Our separation of each other is an optical illusion of consciousness.
That which is impenetrable to us really exists. Behind the secrets of nature remains something subtle, intangible, and inexplicable. Veneration for this force beyond anything that we can comprehend is my religion.
I believe in Spinoza's God who reveals himself in the orderly harmony of what exists, not in a God who concerns himself with fates and actions of human beings.
Our situation on this earth seems strange. Every one of us appears here involuntary and uninvited for a short stay, without knowing the whys and the wherefore. In our daily lives we only feel that man is here for the sake of others, for those whom we love and for many other beings whose fate is connected with our own.
The most beautiful and deepest experience a man can have is the sense of the mysterious. It is the underlying principle of religion as well as all serious endeavor in art and science. He who never had this experience seems to me, if not dead, then at least blind. To sense that behind anything that can be experienced there is a something that our mind cannot grasp and whose beauty and sublimity reaches us only indirectly and as a feeble reflection, this is religiousness. In this sense I am religious. [Emphasis added] To me it suffices to wonder at these secrets and to attempt humbly to grasp with my mind a mere image of the lofty structure of all that there is.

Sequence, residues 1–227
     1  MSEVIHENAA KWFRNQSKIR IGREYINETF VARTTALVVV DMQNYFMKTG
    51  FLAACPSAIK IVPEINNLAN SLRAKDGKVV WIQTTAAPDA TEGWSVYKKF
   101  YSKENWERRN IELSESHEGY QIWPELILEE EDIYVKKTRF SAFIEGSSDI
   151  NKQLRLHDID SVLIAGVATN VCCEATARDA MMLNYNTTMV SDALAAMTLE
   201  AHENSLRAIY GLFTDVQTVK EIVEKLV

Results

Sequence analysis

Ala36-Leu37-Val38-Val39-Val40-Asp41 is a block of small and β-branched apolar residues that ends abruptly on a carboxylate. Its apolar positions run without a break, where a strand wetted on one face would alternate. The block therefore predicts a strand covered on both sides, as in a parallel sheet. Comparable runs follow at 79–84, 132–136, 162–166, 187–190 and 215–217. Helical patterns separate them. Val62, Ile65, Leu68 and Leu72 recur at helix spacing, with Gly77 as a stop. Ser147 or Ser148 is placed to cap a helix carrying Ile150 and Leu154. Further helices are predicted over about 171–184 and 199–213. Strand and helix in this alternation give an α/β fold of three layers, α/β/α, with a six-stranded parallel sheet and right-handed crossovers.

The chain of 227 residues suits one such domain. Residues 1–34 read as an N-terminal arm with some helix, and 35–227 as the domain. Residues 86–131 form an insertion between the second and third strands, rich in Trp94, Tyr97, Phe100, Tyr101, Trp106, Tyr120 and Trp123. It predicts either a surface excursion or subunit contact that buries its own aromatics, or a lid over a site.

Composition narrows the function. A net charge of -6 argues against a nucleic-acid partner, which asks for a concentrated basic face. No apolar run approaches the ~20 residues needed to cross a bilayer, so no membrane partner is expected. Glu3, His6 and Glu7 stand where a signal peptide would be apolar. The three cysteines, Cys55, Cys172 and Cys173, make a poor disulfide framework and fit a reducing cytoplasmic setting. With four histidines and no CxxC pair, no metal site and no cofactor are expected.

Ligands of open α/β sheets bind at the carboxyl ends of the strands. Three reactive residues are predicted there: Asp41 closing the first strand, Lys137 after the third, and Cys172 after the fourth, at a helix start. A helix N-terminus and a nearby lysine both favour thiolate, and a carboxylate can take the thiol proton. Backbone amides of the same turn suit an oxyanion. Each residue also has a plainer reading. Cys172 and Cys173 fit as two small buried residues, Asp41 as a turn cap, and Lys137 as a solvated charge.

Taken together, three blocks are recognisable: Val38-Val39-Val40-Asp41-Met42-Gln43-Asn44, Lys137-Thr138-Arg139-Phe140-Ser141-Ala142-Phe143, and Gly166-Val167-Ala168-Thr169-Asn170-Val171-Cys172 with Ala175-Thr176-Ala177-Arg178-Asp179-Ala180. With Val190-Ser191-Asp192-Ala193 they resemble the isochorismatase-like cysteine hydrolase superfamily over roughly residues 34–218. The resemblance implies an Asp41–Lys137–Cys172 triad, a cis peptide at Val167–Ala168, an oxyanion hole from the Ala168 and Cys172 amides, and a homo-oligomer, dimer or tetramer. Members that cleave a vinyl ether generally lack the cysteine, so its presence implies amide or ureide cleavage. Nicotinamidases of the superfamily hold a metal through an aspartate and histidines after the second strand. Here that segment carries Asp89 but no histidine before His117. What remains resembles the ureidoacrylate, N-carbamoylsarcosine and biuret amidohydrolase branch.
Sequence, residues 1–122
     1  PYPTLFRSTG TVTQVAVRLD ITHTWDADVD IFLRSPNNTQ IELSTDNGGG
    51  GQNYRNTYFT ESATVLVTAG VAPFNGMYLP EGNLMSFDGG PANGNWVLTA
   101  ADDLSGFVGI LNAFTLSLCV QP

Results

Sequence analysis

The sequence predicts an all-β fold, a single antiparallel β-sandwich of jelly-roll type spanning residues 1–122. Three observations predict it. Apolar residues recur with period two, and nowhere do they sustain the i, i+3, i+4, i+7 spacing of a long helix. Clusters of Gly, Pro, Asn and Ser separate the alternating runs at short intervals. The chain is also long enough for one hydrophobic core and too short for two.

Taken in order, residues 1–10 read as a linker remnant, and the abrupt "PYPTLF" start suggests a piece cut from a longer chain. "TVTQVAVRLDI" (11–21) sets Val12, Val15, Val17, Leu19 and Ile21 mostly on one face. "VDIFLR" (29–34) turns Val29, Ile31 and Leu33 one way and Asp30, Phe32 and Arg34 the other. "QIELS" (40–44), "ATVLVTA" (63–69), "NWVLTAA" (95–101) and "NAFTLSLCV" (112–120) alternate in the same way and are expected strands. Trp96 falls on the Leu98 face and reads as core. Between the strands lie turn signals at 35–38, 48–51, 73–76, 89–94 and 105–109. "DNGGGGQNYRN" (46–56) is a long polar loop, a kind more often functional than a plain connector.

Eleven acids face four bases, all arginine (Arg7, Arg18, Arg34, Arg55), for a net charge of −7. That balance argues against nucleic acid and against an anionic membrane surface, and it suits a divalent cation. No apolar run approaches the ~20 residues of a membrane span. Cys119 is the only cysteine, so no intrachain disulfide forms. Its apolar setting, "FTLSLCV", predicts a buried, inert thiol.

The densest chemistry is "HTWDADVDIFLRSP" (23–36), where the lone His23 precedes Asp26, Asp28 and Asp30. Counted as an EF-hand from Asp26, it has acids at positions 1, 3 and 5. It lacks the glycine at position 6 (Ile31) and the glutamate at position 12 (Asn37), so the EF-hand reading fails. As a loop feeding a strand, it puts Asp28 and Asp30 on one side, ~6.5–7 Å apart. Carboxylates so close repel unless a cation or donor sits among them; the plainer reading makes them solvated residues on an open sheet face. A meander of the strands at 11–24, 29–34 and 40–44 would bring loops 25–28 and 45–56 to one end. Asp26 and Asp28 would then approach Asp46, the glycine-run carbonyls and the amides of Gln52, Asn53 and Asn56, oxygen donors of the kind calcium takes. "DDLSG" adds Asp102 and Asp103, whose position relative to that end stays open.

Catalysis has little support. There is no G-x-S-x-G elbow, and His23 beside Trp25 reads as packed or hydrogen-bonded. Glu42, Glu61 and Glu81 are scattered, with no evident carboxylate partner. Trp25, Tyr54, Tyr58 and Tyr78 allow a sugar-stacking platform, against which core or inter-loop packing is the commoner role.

Now he has departed from this strange world a little ahead of me. That means nothing. People like us, who believe in physics, know that the distinction between past, present, and future is only a stubbornly persistent illusion.
Of course, we all know that our own reality depends on the structure of our consciousness; we can objectify no more than a small part of our world. But even when we try to probe into the subjective realm, we cannot ignore the central order…In the final analysis, the central order, or 'the one' as it used to be called and with which we commune in the language of religion, must win out.
[The probability wave] meant a tendency for something. It was a quantitative version of the old concept of "potentia" in Aristotelian philosophy. It introduced something standing in the middle between the idea of an event and the actual event, a strange kind of physical reality just in the middle between possibility and reality.